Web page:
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Luperce Miranda - Brazil's Paganini of the Mandolin, Part 1

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Elisa Meyer Ferreira

I'm currently riding in a motorhome somewhere in the middle of North Carolina, and recalling one of my most pleasant memories- the chats I used to have with my beloved mandofriend Mr. Paulo Fasanaro. Every Saturday morning, we used to get together at a very traditional "roda de choro" in São Paulo city where Mr. Paulo would be waiting to offer me his mandolin to play. I would be anxious to show him the new things I practiced during the week. He would show me some of his new compositions. We'd have serious conversations about picks, right hand techniques, strings, mandolins and everything that involves mandolins and music- and of course gossip! All this would be punctuated by his sharp-tongued comments and his delightful Recife accent- everything was made more fascinating by it!

Today I want to write about the mandolinist who Mr. Paulo most admired. His eyes would sparkle when he talked about him, a man who he was lucky enough to see live playing at jam sessions. He played by the side of monsters such as Sivuca back in Recife. His name was Luperce Bezerra Pessoa de Miranda or Luperce Miranda.

Luperce Miranda

I remember Mr. Paulo telling me with his eyes wide-open and filled with great admiration:

"He would play from up and down the neck without looking as if it was the most normal thing. Sivuca would play some super-fast runs on the accordion and Luperce would repeat everything on the mandolin."

Luperce was born in Recife, on July 28th of 1904. Recife is a large, gorgeous ancient city in the State of Pernambuco, northeastern Brazil. It was occupied by the Dutch for many years, and is the land of Frevo, Maracatu, carnival, and highly skilled musicians.

Both of Luperce's parents were pianists. His father, João Henrique Pessoa de Miranda used to play in bars and clubs. Very early in their lives, he would take his sons along to gigs.. Around the age of 7-8 Luperce became an integral part of his father's bohemian life. They used to leave late together, playing serenades as they walked home.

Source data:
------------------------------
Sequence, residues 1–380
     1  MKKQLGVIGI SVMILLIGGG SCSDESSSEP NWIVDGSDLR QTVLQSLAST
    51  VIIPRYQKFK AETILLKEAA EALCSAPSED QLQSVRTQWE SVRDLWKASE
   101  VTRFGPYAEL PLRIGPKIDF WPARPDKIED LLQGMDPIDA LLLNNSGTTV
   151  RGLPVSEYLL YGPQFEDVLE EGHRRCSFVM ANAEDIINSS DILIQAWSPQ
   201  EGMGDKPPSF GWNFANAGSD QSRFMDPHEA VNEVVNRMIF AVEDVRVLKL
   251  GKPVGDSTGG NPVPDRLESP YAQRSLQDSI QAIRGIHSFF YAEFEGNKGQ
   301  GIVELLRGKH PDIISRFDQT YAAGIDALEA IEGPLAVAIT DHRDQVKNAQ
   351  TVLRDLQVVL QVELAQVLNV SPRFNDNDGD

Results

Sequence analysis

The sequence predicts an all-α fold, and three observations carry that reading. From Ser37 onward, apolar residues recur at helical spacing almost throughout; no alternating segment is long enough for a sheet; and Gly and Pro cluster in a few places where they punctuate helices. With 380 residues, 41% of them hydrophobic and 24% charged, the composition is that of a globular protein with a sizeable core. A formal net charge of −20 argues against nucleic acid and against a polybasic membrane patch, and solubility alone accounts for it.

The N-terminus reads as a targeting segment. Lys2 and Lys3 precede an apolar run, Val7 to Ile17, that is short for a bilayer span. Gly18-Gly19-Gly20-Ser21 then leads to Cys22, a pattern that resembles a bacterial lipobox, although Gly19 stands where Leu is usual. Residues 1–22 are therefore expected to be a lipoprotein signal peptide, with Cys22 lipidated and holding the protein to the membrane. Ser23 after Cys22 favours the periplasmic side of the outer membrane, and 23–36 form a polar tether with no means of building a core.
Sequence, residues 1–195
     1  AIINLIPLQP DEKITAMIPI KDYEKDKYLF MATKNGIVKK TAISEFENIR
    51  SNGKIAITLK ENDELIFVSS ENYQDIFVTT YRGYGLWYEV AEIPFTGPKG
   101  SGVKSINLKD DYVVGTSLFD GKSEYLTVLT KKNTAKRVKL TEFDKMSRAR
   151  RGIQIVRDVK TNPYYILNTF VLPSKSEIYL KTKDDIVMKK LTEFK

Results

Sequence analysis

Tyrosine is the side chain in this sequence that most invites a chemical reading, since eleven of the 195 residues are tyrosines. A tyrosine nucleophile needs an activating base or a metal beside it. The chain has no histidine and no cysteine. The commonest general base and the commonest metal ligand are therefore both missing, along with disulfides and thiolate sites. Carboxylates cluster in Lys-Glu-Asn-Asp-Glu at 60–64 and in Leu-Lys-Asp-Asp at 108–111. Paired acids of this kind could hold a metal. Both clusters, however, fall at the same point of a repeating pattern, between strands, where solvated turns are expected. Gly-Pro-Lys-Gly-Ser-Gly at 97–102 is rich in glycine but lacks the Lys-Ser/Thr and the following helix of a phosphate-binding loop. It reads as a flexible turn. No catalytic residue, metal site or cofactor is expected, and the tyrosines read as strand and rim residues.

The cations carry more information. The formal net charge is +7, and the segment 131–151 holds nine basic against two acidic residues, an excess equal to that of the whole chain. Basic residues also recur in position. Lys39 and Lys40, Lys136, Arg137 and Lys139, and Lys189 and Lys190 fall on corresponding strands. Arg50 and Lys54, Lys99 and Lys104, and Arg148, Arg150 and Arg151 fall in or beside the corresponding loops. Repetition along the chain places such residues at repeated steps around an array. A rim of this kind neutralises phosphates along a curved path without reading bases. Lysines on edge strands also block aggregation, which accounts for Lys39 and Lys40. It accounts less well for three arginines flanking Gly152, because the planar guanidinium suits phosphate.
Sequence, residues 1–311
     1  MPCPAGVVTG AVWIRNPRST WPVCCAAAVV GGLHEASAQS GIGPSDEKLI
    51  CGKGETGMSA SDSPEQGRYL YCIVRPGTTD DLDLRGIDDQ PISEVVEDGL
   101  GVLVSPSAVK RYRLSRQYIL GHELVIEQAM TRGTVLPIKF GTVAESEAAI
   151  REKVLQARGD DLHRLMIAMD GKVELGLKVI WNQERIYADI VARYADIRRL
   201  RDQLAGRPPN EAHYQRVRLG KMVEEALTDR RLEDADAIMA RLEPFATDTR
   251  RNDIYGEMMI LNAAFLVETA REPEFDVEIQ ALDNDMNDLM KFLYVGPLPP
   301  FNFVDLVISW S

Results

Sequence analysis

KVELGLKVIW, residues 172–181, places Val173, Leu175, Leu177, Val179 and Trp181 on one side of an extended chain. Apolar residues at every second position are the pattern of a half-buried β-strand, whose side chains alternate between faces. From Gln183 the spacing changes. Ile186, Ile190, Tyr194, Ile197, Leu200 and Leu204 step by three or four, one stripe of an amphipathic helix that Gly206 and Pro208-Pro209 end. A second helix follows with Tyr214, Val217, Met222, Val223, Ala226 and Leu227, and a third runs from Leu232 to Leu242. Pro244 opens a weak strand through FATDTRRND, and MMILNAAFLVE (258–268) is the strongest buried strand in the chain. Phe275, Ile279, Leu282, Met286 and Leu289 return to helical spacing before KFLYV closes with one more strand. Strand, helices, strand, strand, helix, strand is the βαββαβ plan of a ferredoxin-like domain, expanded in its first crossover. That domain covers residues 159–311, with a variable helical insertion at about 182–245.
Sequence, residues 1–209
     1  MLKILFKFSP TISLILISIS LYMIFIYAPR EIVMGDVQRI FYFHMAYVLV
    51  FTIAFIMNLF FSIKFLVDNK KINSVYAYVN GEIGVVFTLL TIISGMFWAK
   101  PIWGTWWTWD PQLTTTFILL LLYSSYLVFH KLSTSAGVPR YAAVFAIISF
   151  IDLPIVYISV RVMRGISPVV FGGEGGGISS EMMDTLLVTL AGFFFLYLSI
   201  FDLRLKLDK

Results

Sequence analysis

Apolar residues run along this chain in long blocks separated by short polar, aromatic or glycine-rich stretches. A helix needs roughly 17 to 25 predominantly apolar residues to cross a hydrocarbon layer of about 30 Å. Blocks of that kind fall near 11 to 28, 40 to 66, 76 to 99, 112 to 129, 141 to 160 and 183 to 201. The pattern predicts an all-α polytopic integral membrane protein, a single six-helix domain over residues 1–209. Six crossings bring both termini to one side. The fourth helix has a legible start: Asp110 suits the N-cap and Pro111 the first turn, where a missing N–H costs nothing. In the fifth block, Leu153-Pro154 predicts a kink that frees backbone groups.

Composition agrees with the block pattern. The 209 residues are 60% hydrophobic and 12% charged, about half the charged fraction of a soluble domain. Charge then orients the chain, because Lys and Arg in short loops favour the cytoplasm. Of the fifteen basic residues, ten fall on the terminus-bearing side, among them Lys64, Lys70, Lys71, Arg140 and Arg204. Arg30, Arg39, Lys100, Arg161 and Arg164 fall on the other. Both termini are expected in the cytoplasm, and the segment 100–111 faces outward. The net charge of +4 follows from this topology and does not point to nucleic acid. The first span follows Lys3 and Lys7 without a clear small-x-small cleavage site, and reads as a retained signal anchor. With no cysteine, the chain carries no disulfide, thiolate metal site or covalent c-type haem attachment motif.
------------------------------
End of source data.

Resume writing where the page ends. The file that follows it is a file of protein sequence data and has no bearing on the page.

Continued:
Coming from a family of eight children, Luperce was the fifth, and very early began to play instruments and be part of his family band, with his father and brothers. At the age of eight, Luperce composed his first piece. Apparently, he had two sisters who played the mandolin very well too but were not allowed to play out of home. Luperce also played piano very well, but it was on the mandolin that he became exceptional. According to Luperce:

"[My family] was a real orchestra, each one of us with our own instrument."

Unfortunately, in 1915, his father left the family to live with another woman. Little by little Luperce became responsible for taking care of the family and the house. In the next year Luperce played his first concert at the most famous and respected theater in Recife called "Santa Isabel" when he was only twelve years old.

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"He was already a professional at twelve years old, performed and earned his first profits as a musician. Henceforth, it was easy to arrange the first jobs at concert-cafes, dancing-cafes and movie theaters." O Globo, 10/04/77.

Around 1918/19 Luperce had his own ensemble with ten musicians called the "Jazz Band Leão do Norte," where he was the "pianist boss."

As I mentioned, Recife has been always famous for its carnival, but it is not the same carnival we are used to seeing from Rio de Janeiro The carnival in Recife has a distinct style. The "samba schools" only arrived in Recife in the the mid 1940s.

The carnival was the most important thing (both socially and culturally) in Recife. The kind of music played there wasn't samba, but was instead the fast frevo*. Everyone would be wearing costumes, and dancing to the sound of "club frevo" music. This style was orchestrated with brass and woodwinds, with trombones and the requinte as the highlights of the arrangements.